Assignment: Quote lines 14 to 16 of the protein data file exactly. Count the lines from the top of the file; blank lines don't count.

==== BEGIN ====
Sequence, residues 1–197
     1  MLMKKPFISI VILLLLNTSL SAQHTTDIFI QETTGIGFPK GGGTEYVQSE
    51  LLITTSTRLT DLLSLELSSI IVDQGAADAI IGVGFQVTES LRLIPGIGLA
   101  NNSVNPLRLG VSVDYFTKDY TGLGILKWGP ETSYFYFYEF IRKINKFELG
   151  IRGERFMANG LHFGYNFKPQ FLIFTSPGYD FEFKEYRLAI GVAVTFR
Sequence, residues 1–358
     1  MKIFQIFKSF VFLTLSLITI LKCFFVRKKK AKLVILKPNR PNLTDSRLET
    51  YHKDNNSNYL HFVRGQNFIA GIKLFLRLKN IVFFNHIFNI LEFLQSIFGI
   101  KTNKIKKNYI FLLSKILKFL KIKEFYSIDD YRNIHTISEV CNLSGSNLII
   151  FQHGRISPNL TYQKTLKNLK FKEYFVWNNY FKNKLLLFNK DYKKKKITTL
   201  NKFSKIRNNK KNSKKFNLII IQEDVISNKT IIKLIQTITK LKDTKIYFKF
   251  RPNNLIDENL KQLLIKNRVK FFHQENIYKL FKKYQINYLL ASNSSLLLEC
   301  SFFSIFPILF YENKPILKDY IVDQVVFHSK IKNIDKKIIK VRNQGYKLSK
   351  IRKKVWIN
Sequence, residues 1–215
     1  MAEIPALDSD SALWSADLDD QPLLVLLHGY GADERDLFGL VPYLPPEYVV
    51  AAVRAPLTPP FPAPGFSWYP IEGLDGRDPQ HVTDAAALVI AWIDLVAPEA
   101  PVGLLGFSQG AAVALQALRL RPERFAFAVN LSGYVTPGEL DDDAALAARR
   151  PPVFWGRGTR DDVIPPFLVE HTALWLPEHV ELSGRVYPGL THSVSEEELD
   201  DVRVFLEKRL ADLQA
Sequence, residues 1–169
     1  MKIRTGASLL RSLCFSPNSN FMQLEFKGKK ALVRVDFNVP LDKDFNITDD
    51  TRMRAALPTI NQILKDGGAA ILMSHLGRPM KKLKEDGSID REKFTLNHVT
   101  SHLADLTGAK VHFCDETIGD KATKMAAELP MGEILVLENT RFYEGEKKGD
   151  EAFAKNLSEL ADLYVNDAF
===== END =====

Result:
   351  IRKKVWIN
Sequence, residues 1–215
     1  MAEIPALDSD SALWSADLDD QPLLVLLHGY GADERDLFGL VPYLPPEYVV